Brian Weinstein: Yeah. It’s interesting because I feel like I’m wearing out the tread a little bit on the cliche necessity as the mother of invention, but we speak to a lot of great entrepreneurs like yourself. We had the founder of Whiplash, James Marks, and he and I have had this conversation a lot, same sort of scenario. He had a need, he was starting out and they were doing t-shirt printing and then they started to get involved with some bands, some alt music in the alt music scene, and they had to store product and locate it. And so all of a sudden they were building this for their own use, very similar to yours. Was there a particular moment in time where you were like, “Hey, you know what, I can’t be the only one that needs something like this.” And then decided to maybe take it up a notch or two?

Jason DePietropaolo: Yeah, definitely. I think at the point where it really worked and it was really scalable, and I used to joke that I could be sitting anywhere in the world on the beach on my phone and just watching orders coming in and pushing buttons and making sure orders were flowing to the warehouse and it was really easy. And then I watched my business grow, the revenue tripled because all that automation was in place. And I think that was the point where I was like, “Hey, if this works so well for me and I couldn’t find anything out there,” it was exciting not to find something out there because then we knew we could go ahead and build it. So I think that was a turning point, just knowing how well it worked for myself.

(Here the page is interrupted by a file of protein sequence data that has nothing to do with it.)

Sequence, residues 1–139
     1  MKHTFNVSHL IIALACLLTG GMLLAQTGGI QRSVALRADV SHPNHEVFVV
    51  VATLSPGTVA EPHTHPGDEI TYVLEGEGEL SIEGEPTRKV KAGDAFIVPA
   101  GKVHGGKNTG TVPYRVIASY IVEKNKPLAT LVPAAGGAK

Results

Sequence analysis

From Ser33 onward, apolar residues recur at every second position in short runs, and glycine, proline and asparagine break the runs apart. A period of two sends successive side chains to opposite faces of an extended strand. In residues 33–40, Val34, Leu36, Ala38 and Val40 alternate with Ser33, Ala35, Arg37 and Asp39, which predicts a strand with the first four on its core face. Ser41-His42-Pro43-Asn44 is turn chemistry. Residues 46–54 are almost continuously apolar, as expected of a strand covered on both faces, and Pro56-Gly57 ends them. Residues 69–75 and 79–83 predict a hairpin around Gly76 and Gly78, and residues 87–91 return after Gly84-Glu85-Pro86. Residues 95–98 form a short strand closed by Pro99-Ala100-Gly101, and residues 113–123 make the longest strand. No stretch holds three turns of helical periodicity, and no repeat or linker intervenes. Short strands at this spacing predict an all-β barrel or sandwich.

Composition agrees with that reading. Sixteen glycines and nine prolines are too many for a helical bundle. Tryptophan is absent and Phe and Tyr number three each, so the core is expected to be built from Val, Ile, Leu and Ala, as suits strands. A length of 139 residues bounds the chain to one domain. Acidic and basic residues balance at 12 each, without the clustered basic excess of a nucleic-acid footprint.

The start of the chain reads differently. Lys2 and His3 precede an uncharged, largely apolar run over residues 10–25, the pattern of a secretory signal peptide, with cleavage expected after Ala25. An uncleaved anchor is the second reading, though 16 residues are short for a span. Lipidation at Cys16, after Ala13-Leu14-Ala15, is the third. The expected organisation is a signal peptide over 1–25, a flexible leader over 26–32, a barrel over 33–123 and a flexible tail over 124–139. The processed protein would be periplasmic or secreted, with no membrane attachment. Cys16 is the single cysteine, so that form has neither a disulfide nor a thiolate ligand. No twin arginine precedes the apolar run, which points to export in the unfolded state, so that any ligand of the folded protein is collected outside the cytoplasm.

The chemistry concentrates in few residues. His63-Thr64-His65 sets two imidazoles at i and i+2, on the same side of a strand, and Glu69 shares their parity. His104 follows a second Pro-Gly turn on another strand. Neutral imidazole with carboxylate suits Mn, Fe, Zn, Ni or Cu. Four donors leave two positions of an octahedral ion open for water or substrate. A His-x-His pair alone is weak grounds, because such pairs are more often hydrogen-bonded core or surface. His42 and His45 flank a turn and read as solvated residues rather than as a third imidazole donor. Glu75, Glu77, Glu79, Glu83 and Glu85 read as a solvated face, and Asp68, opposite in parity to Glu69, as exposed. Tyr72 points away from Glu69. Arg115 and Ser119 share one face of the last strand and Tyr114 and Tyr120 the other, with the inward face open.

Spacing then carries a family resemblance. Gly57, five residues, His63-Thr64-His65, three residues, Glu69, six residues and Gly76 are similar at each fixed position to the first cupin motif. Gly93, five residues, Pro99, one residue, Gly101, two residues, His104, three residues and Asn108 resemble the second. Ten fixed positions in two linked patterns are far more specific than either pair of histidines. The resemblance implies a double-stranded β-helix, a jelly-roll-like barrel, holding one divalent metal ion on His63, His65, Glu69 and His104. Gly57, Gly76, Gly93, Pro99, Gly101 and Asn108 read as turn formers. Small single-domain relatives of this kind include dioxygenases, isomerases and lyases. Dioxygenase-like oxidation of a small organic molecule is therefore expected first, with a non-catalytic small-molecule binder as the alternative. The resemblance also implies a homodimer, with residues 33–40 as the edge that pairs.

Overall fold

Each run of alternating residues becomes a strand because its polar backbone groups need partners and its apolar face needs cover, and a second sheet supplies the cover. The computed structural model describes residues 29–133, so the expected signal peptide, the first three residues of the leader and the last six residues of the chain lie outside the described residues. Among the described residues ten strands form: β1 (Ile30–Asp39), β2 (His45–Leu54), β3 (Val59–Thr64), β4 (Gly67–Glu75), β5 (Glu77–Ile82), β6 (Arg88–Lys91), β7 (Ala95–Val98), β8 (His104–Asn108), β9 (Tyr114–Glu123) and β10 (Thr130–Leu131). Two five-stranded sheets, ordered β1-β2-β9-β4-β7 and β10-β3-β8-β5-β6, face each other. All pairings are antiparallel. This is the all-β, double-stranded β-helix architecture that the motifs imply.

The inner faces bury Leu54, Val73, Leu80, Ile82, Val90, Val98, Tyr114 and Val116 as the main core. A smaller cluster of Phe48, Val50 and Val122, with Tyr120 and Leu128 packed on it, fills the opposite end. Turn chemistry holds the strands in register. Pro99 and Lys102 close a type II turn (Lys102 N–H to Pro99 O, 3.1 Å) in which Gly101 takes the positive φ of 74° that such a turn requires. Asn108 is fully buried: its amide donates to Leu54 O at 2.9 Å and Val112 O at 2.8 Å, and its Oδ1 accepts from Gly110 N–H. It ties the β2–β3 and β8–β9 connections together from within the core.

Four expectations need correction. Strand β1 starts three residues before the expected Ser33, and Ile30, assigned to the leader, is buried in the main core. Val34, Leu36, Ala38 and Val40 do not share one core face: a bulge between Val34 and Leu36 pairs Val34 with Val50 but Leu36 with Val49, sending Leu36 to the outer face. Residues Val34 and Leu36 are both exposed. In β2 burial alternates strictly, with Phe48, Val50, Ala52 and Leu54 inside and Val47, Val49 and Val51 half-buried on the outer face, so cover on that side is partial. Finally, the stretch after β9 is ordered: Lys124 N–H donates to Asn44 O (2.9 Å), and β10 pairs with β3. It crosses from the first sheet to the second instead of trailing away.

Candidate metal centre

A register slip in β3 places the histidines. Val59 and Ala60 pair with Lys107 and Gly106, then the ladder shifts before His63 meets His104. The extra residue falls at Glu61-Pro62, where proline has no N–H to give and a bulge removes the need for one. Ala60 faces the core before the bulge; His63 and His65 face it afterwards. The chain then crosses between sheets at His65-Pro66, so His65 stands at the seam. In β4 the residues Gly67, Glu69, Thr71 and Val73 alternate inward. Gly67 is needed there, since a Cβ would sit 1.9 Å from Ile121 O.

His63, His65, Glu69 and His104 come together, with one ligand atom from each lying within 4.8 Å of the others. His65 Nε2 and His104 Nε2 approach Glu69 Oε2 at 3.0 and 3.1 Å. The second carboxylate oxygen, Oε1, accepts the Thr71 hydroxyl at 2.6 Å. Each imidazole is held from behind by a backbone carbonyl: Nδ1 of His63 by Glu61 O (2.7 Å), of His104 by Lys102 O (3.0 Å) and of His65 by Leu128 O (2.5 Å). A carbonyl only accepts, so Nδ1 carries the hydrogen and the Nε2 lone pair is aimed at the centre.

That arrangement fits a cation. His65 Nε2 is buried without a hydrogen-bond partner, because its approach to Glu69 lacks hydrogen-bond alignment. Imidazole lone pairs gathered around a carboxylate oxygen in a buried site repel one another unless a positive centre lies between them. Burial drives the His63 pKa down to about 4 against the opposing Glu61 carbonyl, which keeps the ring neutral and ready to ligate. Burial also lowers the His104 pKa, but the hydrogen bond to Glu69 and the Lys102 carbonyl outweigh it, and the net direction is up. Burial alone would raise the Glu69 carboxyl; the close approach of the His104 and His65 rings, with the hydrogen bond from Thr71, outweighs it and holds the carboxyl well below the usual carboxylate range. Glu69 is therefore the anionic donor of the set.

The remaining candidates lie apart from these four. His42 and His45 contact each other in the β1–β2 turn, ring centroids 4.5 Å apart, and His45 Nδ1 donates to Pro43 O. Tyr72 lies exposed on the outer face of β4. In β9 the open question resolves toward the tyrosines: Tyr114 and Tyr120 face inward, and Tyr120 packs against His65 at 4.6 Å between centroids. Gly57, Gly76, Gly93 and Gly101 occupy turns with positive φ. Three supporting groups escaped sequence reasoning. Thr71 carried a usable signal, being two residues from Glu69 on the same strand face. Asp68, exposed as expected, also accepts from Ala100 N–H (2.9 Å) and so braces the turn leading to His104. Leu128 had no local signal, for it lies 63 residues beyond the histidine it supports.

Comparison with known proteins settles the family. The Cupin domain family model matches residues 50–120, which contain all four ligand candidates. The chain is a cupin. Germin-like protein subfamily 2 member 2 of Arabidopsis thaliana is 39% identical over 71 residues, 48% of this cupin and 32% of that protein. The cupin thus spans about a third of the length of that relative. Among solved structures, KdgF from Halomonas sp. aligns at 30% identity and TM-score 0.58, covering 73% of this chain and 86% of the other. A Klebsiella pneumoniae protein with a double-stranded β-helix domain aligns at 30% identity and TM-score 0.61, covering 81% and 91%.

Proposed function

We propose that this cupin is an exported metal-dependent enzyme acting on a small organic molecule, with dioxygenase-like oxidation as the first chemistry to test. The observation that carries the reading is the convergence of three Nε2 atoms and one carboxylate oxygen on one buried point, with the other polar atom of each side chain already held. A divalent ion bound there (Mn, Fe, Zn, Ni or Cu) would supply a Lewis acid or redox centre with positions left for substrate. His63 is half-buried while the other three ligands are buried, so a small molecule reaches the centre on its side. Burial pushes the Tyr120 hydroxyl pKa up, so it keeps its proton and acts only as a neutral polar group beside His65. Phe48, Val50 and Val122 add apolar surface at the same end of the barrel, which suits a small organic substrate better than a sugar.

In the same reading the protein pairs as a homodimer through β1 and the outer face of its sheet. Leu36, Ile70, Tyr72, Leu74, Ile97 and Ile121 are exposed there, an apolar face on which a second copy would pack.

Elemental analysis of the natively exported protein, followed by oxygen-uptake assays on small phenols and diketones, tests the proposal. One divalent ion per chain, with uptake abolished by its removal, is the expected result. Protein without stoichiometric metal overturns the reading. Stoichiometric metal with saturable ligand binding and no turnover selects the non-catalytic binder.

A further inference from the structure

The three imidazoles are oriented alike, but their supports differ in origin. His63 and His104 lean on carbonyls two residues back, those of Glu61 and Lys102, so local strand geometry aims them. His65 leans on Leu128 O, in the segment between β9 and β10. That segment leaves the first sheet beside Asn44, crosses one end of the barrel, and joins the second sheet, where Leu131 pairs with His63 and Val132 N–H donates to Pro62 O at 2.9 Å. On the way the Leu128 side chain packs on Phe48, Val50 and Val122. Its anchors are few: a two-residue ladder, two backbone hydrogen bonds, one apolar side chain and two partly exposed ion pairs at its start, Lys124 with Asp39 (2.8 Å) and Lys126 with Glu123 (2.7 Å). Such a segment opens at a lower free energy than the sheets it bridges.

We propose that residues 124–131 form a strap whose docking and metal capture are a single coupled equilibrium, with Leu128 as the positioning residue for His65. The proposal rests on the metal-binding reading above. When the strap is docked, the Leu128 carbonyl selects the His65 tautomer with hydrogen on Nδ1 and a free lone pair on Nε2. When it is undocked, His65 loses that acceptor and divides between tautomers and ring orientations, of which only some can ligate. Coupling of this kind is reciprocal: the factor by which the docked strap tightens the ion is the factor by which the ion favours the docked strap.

Brian Weinstein: So when you set out to create this, there was no thought in the back of your mind, or was there, that this could be bigger? Or did you just start out saying, “Hey, I just need to build something for myself,” and then it kind of clicked that this was a bigger deal?

Jason DePietropaolo: Yeah, I think the intention always was to kind of build it for myself, and build it exactly for my business and what my needs were. And I think at that point of having used it for a year and a half, two years, I think that was the point where we said, “Hey, it’s worked so well, let’s go out to the market and see if there’s a need for it. We’re not going to change anything. Let’s just throw it out there in the market and see what happens.” And we had a whole ton of signups within that first month and then we saw, it opened up the floodgates and then we saw a bunch of other issues that we didn’t realize because my business was so unique. But now we had other businesses using it, and requests for features, and we saw there was some excitement there, a new tool in the marketplace and we were on the Shopify app store and then just decided, “Hey, let’s go in even deeper, raise some money, VC money and go out there and really rebuild this.”